Moreover, according to the present invention, the magnetic head portion comprises a gap for reading magnetic signals recorded on the object to be detected wherein the width of the gap portion of the magnetic sensor portion is different from the width of the gap of the magnetic head portion for reading magnetic signals. Those gaps with appropriate widths provide sufficient detection.

Also, the present invention provides a configuration in which at least a part of the magnetic core portion forming the two magnetic poles of the magnetic sensor portion and a part of the magnetic core portion forming the magnetic head portion are integrated; hence, the cost can be reduced.

In addition, the present invention provides a magnetism detecting apparatus comprising:

a magnetizing coil and a detecting coil which are wound around two magnetic poles having a gap portion wherein a magnetic flux in one of the magnetic poles changes in relation to the other magnetic pole;

a magnetic sensor portion which identifies a magnetic material of a magnetic strip on a card by detecting a change in the magnetic flux in one of the magnetic poles with the detecting coil; and

a magnetic head portion which reads out magnetic signals recorded on the magnetic material of the card wherein the magnetic sensor portion and the magnetic head portion are integrally formed.

Therefore, the output from the magnetic sensor portion can be confirmed to be a value obtained under a condition with a normal clearance value based on the output from the magnetic head portion; consequently, the coercive force of the magnetic material can be accurately identified. Also, the magnetic sensor portion and the magnetic head portion are integrally formed such that the frequency of the card coming into contact with the magnetic head portion and the like can be reduced; as a result, deterioration due to jitters and the like can be prevented.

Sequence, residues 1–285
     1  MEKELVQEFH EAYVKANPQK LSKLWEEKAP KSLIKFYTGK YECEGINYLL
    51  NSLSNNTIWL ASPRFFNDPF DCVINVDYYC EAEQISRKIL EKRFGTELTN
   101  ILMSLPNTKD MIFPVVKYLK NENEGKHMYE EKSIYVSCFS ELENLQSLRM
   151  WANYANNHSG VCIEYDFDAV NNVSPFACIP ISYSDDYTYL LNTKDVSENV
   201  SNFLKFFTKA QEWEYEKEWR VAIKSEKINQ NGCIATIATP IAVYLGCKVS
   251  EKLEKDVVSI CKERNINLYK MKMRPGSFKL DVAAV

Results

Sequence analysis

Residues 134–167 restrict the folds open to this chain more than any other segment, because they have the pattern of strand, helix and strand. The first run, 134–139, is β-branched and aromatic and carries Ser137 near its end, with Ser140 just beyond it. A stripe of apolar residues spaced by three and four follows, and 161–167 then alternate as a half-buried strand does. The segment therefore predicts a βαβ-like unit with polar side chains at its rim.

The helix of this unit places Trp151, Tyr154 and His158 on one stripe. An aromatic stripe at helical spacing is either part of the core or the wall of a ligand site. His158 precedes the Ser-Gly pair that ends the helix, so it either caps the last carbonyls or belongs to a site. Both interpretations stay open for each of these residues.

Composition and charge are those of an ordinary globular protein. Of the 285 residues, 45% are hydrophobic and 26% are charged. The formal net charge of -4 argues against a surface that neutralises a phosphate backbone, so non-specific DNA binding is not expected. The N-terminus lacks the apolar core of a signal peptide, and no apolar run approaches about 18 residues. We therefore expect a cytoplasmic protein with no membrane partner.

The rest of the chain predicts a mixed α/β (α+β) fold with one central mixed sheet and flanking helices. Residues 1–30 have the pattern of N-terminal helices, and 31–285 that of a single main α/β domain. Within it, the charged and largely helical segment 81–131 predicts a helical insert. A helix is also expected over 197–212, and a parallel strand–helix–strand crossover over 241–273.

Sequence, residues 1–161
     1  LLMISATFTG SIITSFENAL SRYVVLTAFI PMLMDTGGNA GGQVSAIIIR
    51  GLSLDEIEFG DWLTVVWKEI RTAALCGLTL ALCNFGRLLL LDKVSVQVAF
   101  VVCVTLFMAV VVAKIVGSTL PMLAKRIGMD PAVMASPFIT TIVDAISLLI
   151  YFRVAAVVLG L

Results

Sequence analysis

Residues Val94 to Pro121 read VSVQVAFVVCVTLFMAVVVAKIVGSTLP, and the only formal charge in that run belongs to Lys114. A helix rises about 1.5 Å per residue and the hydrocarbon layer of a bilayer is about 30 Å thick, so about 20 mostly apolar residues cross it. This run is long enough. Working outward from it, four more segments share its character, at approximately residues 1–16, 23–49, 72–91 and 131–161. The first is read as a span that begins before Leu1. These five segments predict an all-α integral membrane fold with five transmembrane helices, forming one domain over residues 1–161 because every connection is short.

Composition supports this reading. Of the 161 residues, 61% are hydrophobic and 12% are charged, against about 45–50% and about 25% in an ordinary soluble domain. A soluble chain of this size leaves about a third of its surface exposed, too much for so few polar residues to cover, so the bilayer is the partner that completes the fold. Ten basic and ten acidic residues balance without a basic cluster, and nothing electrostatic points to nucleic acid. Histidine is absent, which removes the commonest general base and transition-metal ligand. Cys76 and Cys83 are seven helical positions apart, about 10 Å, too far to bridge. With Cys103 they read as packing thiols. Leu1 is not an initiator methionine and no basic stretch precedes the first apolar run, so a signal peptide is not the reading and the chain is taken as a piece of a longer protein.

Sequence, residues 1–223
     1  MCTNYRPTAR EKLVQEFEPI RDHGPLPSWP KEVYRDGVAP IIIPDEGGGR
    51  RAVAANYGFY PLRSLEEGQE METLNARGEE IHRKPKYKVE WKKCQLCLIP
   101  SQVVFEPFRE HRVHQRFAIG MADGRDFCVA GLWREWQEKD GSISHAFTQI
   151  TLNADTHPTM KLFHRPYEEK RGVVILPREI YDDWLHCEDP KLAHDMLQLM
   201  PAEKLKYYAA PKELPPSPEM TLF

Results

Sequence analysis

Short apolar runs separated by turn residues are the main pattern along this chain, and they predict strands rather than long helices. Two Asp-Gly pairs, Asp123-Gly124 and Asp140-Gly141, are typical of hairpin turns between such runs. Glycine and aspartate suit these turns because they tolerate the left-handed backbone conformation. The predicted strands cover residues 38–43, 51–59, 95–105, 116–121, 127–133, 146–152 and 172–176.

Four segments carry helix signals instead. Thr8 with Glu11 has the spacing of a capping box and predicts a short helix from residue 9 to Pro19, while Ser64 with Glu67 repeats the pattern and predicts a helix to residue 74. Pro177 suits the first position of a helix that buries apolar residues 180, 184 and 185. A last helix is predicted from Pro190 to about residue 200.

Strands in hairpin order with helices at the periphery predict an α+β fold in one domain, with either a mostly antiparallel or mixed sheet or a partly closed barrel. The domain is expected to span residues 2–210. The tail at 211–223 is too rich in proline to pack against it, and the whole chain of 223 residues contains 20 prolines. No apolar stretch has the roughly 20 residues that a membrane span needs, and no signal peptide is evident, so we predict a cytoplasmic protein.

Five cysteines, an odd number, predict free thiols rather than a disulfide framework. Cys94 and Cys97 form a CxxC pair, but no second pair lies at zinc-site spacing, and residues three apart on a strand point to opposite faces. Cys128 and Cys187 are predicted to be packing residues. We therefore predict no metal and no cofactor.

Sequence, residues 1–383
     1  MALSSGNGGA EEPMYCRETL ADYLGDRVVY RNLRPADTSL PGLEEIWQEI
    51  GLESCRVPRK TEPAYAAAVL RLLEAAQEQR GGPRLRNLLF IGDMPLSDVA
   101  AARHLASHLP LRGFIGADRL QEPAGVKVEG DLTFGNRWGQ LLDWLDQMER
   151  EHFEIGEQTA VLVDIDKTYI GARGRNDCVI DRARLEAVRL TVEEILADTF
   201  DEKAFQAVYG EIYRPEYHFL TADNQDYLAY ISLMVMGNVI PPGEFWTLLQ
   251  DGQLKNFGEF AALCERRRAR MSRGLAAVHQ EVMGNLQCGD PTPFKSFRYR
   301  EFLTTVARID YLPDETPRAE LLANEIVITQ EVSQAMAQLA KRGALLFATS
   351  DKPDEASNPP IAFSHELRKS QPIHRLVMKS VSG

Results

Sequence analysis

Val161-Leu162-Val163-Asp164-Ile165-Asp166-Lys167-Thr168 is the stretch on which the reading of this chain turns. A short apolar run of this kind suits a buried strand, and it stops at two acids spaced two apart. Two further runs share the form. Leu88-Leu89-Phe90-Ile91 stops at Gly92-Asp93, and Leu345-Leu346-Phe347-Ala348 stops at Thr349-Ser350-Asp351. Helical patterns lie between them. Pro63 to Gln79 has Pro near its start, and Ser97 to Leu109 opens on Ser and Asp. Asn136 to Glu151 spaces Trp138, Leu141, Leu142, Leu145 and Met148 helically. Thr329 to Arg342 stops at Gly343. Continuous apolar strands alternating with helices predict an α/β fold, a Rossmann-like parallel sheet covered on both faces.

Further, the present invention provides a configuration in which the magnetic sensor portion and the magnetic head portion are placed in a case wherein a contact surface continuous to the card is formed. Also, whether a clearance exists between the card and the contact surface is detected based on the size of magnetic signals from the magnetic head portion. Therefore, the output from the magnetic sensor portion can be confirmed to be a value obtained under a condition with a normal clearance value based on the output from the magnetic head portion; consequently, the coercive force of the magnetic material can be accurately identified.

Patent Citations
Cited PatentFiling datePublication dateApplicantTitle
US5650606 *Aug 7, 1995Jul 22, 1997Magnetic Products International, CorpAccurate read/write head for preventing credit card alteration and counterfeiting of debit cards
DE3521095A1Jun 12, 1985Dec 18, 1986Nixdorf Computer AgEinrichtung zum erkennen und pruefen von magnetschichtmedien
EP1059601A2Jun 9, 2000Dec 13, 2000Sankyo Seiki Mfg. Co. Ltd.Magnetism detecting apparatus and magnetic material identifying apparatus
Referenced by
Citing PatentFiling datePublication dateApplicantTitle
US7353549 *Mar 19, 2006Apr 8, 2008David Neal Muir, Jr.Toilet seat with intergrated targeting and measurement system
US20100327061 *Jun 24, 2008Dec 30, 2010Fabriano Securities S.R.L.Sensor for reading banknotes, security papers and the like, containing at least one security element
Classifications
U.S. Classification235/449, 235/493
International ClassificationG06K7/08
Cooperative ClassificationG06K7/084
European ClassificationG06K7/08C2D
Legal Events
DateCodeEventDescription
Jul 8, 2010FPAYFee payment
Year of fee payment: 8
Jul 7, 2006FPAYFee payment
Year of fee payment: 4
Sep 22, 2000ASAssignment
Owner name: SANKYO SEIKI MFG. CO., LTD., JAPAN
Free format text: ASSIGNMENT OF ASSIGNORS INTEREST;ASSIGNOR:ARUGA, FUSAYOSHI;REEL/FRAME:011142/0987
Effective date: 20000711
Owner name: SANKYO SEIKI MFG. CO., LTD. 5329 SHIMOSUWA-MACHI,